Two alternatives for Chinese involvement in gravitational wave research

Updated: 2016-02-16 19:47

By Cheng Yingqi(

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Two alternatives for Chinese involvement in gravitational wave research

A computer simulation shows how our sun and Earth warp space and time, or spacetime, represented here with a green grid in this image released in Washington February 11, 2016.[Photo/Agencies]

Chinese scientists are proposing a space gravitational wave detection project that could either be part of the European Space Agency's eLISA project, or a parallel venture.

Scientists from the pre-research group of the Chinese Academy of Sciences disclosed that the group will finish drafting a plan for the project by the end of this year, and submit it to China's sci-tech authority for review.

The draft will include two sets of alternative plans: one is to take a 20 percent share in the ESA's eLISA project; the other is to launch China's own satellites by 2033, which will authenticate ESA's eLISA.

"Gravitational waves provide us with a new tool to understand the universe, so China has to actively participate in the research," said Hu Wenrui, a renowned physicist and a member of Chinese Academy of Sciences.

"If we launch our own satellites, we will have a chance to be the world leader in gravitational wave research in the future. If we just participate in the eLISA project, it will greatly boost China's research capacity in space science, cutting-edge space technology and satellite manufacturing.

"In either case, it depends on the decision maker's resolution and the country's investment," he said.

The Laser Interferometer Space Antenna (LISA) gravitational wave observatory was EAS's cooperative mission with NASA to detect and observe gravitational waves with three satellites arranged in a triangle that sends a laser beam between each other, which was first proposed in 1993.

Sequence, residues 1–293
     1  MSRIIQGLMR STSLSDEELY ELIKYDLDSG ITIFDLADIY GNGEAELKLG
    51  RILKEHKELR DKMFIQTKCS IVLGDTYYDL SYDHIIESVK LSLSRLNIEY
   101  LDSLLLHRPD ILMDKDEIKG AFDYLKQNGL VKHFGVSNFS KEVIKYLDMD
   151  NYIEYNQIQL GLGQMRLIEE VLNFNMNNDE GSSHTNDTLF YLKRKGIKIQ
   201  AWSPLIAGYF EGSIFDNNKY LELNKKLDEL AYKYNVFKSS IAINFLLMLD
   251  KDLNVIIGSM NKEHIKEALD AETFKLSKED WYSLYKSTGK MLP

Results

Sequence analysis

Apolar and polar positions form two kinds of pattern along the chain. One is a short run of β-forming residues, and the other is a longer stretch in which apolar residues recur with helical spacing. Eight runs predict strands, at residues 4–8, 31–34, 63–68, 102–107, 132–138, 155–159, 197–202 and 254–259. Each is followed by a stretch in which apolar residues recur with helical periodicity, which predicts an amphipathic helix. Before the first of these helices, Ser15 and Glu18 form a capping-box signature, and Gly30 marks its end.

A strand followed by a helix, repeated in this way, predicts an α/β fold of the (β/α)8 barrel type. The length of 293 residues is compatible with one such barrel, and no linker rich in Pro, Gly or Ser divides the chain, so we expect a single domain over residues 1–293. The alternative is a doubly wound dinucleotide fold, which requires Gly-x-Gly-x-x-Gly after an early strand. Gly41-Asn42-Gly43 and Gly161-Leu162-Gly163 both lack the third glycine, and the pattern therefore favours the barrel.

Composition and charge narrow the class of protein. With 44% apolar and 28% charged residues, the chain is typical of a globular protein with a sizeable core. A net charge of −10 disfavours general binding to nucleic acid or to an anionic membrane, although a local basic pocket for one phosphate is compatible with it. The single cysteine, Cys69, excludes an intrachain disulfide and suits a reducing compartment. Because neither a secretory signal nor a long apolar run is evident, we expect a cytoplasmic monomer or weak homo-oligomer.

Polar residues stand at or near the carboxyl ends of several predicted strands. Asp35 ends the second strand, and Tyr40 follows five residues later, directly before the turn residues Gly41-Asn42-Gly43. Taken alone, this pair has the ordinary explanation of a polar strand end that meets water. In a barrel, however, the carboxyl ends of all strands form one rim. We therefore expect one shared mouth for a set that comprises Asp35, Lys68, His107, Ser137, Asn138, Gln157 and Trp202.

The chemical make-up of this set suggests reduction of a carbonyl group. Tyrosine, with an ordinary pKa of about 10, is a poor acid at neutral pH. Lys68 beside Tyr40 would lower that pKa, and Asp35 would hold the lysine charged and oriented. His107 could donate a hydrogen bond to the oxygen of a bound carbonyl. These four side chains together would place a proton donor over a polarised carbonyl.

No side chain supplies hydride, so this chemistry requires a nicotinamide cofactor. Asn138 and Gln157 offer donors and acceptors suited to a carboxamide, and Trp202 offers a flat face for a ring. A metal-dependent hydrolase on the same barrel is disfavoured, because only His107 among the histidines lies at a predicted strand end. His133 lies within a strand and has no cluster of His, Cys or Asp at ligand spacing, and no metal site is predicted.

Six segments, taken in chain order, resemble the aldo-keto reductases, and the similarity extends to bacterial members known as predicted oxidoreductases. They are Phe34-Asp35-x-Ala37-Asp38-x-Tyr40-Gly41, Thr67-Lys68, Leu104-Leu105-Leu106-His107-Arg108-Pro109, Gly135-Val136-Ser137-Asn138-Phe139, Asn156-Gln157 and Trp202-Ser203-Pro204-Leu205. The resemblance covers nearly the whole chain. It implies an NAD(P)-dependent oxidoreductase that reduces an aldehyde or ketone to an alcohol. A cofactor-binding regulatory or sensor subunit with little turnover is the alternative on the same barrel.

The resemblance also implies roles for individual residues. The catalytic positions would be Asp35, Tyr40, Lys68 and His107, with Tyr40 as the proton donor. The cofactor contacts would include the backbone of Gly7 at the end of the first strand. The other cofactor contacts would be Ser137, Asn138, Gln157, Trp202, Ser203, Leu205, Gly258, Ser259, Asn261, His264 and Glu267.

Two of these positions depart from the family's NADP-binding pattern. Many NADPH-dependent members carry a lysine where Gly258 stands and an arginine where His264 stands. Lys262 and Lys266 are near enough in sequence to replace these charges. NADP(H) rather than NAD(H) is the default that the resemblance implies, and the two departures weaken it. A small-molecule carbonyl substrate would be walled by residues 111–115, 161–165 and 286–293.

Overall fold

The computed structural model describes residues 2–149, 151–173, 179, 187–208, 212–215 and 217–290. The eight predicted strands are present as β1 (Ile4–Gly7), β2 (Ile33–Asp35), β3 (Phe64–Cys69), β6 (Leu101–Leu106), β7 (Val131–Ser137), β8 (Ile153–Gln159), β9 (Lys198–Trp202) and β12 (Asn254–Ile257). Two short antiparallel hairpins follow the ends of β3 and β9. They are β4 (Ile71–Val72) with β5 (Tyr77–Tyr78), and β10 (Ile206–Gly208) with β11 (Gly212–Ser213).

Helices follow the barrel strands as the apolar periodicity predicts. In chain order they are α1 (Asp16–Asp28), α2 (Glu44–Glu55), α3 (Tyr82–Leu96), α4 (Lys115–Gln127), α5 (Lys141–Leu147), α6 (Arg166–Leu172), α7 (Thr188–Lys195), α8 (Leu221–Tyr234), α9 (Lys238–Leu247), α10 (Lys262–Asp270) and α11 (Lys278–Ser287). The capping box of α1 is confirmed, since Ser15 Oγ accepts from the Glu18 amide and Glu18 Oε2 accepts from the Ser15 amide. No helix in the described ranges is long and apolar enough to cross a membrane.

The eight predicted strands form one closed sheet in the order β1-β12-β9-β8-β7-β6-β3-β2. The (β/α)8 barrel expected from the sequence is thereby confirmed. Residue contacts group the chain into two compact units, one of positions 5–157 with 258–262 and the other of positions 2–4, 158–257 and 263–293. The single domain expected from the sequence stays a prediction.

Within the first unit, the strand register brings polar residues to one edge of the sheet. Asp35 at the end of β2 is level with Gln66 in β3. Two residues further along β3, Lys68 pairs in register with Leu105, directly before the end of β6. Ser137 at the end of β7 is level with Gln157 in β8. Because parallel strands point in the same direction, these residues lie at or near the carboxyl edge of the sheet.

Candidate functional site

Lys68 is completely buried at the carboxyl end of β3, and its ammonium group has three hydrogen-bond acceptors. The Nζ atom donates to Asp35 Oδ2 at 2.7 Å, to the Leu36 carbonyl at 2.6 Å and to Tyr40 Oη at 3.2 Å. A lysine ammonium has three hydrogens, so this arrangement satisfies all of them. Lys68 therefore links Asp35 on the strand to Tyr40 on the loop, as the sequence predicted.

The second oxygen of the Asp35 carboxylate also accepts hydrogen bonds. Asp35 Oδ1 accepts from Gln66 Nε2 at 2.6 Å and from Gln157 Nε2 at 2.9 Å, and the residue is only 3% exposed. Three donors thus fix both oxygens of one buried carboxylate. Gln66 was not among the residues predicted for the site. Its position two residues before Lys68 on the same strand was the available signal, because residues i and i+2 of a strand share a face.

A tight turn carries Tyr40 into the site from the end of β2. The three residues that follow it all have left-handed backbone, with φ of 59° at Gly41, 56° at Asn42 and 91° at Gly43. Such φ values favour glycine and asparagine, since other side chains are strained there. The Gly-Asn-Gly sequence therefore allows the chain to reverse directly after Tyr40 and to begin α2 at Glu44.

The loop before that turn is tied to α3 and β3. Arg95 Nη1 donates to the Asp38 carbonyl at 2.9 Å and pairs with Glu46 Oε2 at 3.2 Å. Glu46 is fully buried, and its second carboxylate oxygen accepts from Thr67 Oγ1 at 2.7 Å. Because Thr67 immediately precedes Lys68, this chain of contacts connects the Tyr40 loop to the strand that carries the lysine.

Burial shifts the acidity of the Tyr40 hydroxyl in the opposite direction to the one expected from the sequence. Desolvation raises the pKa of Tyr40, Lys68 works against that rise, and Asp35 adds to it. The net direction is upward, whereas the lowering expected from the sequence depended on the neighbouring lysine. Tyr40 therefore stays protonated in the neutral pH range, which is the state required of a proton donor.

Since NASA withdrew in 2011 due to a budget shortage, the LISA project evolved into a condensed version named eLISA.

On Dec 2, ESA launched the LISA Pathfinder, a space probe to validate technologies that could be used in the construction of a future full-scale eLISA observatory, scheduled to launch in 2035.

"Currently all operating gravitational wave detection experiments are ground observatories, which can only detect high-frequency gravitational wave signals. A space observatory, without any ground interference or limitation to the length of its detection arms, can spot gravitational waves at lower frequencies," said Wu Yueliang, deputy president of the University of Chinese Academy of Sciences.

On February 11, scientists from the advanced Laser Interferometer Gravitational-wave Observatory in the US confirmed they had detected gravitational waves caused by two black holes merging about 1.3 billion years ago, the first time that humans have directly detected the elusive phenomenon since it was predicted by Albert Einstein's theory 100 years ago.